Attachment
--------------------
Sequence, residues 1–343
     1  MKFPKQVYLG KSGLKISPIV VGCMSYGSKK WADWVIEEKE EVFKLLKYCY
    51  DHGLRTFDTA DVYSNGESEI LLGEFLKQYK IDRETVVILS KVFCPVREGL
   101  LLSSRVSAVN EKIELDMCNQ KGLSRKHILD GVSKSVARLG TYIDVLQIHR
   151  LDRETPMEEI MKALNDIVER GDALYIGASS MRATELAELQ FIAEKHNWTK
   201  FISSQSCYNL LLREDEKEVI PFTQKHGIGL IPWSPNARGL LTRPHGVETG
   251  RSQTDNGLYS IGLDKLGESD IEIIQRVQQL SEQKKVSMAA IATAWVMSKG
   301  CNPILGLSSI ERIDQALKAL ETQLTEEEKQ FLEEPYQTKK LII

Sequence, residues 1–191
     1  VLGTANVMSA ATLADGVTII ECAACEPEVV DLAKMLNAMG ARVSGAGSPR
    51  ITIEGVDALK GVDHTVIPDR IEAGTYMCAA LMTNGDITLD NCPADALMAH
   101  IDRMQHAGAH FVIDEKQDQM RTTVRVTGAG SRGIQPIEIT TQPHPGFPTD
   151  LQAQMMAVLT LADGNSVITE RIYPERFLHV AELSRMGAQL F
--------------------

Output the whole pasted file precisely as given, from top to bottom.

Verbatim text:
Sequence, residues 1–343
     1  MKFPKQVYLG KSGLKISPIV VGCMSYGSKK WADWVIEEKE EVFKLLKYCY
    51  DHGLRTFDTA DVYSNGESEI LLGEFLKQYK IDRETVVILS KVFCPVREGL
   101  LLSSRVSAVN EKIELDMCNQ KGLSRKHILD GVSKSVARLG TYIDVLQIHR
   151  LDRETPMEEI MKALNDIVER GDALYIGASS MRATELAELQ FIAEKHNWTK
   201  FISSQSCYNL LLREDEKEVI PFTQKHGIGL IPWSPNARGL LTRPHGVETG
   251  RSQTDNGLYS IGLDKLGESD IEIIQRVQQL SEQKKVSMAA IATAWVMSKG
   301  CNPILGLSSI ERIDQALKAL ETQLTEEEKQ FLEEPYQTKK LII

Sequence, residues 1–191
     1  VLGTANVMSA ATLADGVTII ECAACEPEVV DLAKMLNAMG ARVSGAGSPR
    51  ITIEGVDALK GVDHTVIPDR IEAGTYMCAA LMTNGDITLD NCPADALMAH
   101  IDRMQHAGAH FVIDEKQDQM RTTVRVTGAG SRGIQPIEIT TQPHPGFPTD
   151  LQAQMMAVLT LADGNSVITE RIYPERFLHV AELSRMGAQL F